Another Week of Sun

From the 8th until the 15th November, Isabel and I visited the southernmost of Japan’s major islands – Kyushu. To explore and experience the majority of the island I organised the trip to travel from Miyazaki to Nagasaki via Nobeoka, Beppu and Fukuoka. Again, we were extremely lucky weather-wise and it was sunny throughout our stay.

As soon as we landed In Miyazaki, it felt different to the rest of Japan I had experienced, mainly because of the palm trees everywhere. It felt much more Mediterranean and tropical. The next day we went to Aoshima, where there was a beach and a small shrine on an island. It was wonderful. I could smell the ocean as soon as we went off the train. The town itself is a small little ocean town, the real highlight is Aoshima Island.

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The island is surrounded by a rock formation, locally called the “Devil’s washboard”, which looks absolutely fascinating. The walk around the island was very relaxing and as it was around 22°C and sunny it felt like summer rather than mid-November. I went into the water and it wasn’t that cold!

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The shrine on the island was small, but very beautiful. Afterwards, I had some Mango ice cream which was delicious. Since Mango is the local fruit in Miyazaki, they have everything mango favoured.

After our trip to Aoshima, we went to Nobeoka. Nobeoka is not that exciting, but it is the best location to take the bus to Takachiho. Takachiho is a small town in the middle of the mountains, most famous for its gorge. The gorge is a 20 minute walk away (and quite a way down) from Takachiho centre and absolutely stunning. There were many people paddling around in the gorge, but we decided to just follow the path and explore the area that way.

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Walking alongside the gorge, I could see how the many myths about Kyushu being Japan’s origin came into being (http://takachiho-kanko.info/en/).

The next station was Beppu, which is a famous Onsen (hot spring) town in Japan. Our stay there was wonderfully relaxing. The first night we went to one of our local Onsen, Takegawa Onsen, which was a little more rustic but great to relax. The next day we explore one of Beppu’s ‘Hell Ponds’, the Umi Jigoku (Sea Hell). It looked exactly how I imagined Onsen to look like.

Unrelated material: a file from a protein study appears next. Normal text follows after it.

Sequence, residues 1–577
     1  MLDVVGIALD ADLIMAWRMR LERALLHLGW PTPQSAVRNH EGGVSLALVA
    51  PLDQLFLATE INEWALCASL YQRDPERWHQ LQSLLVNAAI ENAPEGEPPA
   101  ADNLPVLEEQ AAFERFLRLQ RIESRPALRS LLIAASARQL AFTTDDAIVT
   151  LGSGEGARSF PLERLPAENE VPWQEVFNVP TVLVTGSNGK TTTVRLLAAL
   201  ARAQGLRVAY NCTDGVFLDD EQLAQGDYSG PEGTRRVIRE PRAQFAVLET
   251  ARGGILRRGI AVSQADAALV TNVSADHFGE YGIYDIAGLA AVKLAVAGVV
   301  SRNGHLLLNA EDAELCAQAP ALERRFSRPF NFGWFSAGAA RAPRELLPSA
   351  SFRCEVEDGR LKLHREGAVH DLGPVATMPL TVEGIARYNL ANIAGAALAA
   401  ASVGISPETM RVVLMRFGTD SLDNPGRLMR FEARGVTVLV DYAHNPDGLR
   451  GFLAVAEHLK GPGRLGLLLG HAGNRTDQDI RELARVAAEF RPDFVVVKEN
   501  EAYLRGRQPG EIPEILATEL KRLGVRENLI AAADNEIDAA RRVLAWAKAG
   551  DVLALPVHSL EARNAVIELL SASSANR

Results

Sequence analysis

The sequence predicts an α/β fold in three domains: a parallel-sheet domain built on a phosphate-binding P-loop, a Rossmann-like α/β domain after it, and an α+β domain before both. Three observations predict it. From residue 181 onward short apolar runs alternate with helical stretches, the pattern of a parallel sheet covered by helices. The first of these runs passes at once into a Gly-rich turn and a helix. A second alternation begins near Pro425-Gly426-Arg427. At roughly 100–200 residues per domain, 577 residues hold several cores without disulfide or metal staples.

Afterwards we went to the Kannawa Onsen and tried their grass steam, which was extremely relaxing.

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The next day we travelled to Fukuoka, which for me was a gateway to get to Dazaifu to visit the local academic shrine the Dazaifu Tenmagu. So I did not see that much of Fukuoka, but Dazaifu and its shrine were beautiful (and the local mocha delicious!).

Our last stop Nagasaki, was a rather depressing last stop for our journey, mainly because of it’s connection with the atomic bomb, which fell on the 9th August 1945. Today, there is a Peace park near the hypocentre with many statues and a statue at the centre itself. After walking through the park, we went into the Atomic Bomb museum. It is a great collection of various items which depicts the events leading up to the dropping of the bomb and its aftermath. It was shocking to see not only daily items that were melted in the heat, but also various human remains that have melted with objects. As depressing as walking through the museum and reading the testimonials of survivors was, it is important to remember and learn about these events so that they cannot happen again.

Although the city was almost completely destroyed, within the last 60+ years it has flourished again and was very lively and vibrant.

The trip to Kyushu was a wonderful experience. It was different to the other parts of Japan I have seen and gave us a last bit of warmth before the winter in Kyoto.

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The Majestic Mount Fuji

Mount Fuji, or Fujiyama, is the most picturesque mountain I have ever seen. It was an amazing experience to see it in person. Instead of going up the mountain, we decided to choose a location to view it from afar. After some research, I decided that the best view would be from Lake Kawaguchiko, one of the five lakes. Since the best view of the mountain is in the morning and in good weather, we opted for an early bus (7.35 so not too early) and went on our way.

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The bus ride was very enjoyable, especially since I could often spy some parts of Fuji. The stop before Kawaguchiko was at Fuji-Q, an amusement park close to the base of Fuji, which – to be honest – sounds like quite a fun thing to go to. Arriving at the station, there were already a lot of Fuji shaped snacks and souvenirs, I even spotted some Fuji shaped Baumkuchen.

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We took a bus to the furthest end of the lake, near the Oishi Park, and then we walk parts of the way back from there. It was absolutely breathtaking to see this majestic mountain with your own eyes. In combination with the lake, it was a very peaceful atmosphere.

 

 

Since we still had some time before our bus left, we took the train for a couple of stations to go up to the Chureito Pagoda, another good view of the mountain (and one you often find on postcards). It was quite a climb, but absolutely worth is.

 

 

We were extremely lucky with the weather. The sun was shining and no clouds were in sight. The next day – it was raining and the view would have been terrible.

All about Tokyo

Tokyo. The world’s biggest city. And yet, after living in Kyoto with all its various temples and shrines, it was slightly underwhelming. Now, don’t get me wrong, I really enjoyed my time in Tokyo and there are certain things you can only do and experience there, but overall, I do prefer Kyoto. This is mainly due to the historical and cultural significance of Kyoto and the fact that it just feels more Japanese to me. However, my time in Tokyo certainly was an adventure. As with the majority of our stays, Isabel and I stayed in an airbnb with a Japanese family in the heart of Shinjuku. It was great to interact with Japanese people and ask for tips and advice.

Since we had a lot of time there,our days were generally rather relaxed. On the first day, we strolled through the East garden of the imperial palace, which were both absolutely wonderful.